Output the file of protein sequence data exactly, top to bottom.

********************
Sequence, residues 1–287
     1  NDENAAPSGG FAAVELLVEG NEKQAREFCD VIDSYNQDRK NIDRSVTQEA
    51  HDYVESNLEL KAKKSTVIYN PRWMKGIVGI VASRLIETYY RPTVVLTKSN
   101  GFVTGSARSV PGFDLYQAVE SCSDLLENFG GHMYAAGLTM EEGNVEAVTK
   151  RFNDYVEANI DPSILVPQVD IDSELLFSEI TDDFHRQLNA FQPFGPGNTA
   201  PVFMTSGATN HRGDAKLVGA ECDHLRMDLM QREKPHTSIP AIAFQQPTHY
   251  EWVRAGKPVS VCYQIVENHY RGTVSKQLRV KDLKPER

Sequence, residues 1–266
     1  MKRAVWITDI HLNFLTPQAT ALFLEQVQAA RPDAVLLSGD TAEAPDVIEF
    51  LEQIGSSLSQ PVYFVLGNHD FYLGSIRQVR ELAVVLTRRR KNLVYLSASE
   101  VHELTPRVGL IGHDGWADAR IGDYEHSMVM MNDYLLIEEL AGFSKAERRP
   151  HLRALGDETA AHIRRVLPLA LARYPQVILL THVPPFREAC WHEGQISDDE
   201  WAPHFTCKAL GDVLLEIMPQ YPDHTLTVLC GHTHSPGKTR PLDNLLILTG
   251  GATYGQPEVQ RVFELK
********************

Sequence, residues 1–287
     1  NDENAAPSGG FAAVELLVEG NEKQAREFCD VIDSYNQDRK NIDRSVTQEA
    51  HDYVESNLEL KAKKSTVIYN PRWMKGIVGI VASRLIETYY RPTVVLTKSN
   101  GFVTGSARSV PGFDLYQAVE SCSDLLENFG GHMYAAGLTM EEGNVEAVTK
   151  RFNDYVEANI DPSILVPQVD IDSELLFSEI TDDFHRQLNA FQPFGPGNTA
   201  PVFMTSGATN HRGDAKLVGA ECDHLRMDLM QREKPHTSIP AIAFQQPTHY
   251  EWVRAGKPVS VCYQIVENHY RGTVSKQLRV KDLKPER

Sequence, residues 1–266
     1  MKRAVWITDI HLNFLTPQAT ALFLEQVQAA RPDAVLLSGD TAEAPDVIEF
    51  LEQIGSSLSQ PVYFVLGNHD FYLGSIRQVR ELAVVLTRRR KNLVYLSASE
   101  VHELTPRVGL IGHDGWADAR IGDYEHSMVM MNDYLLIEEL AGFSKAERRP
   151  HLRALGDETA AHIRRVLPLA LARYPQVILL THVPPFREAC WHEGQISDDE
   201  WAPHFTCKAL GDVLLEIMPQ YPDHTLTVLC GHTHSPGKTR PLDNLLILTG
   251  GATYGQPEVQ RVFELK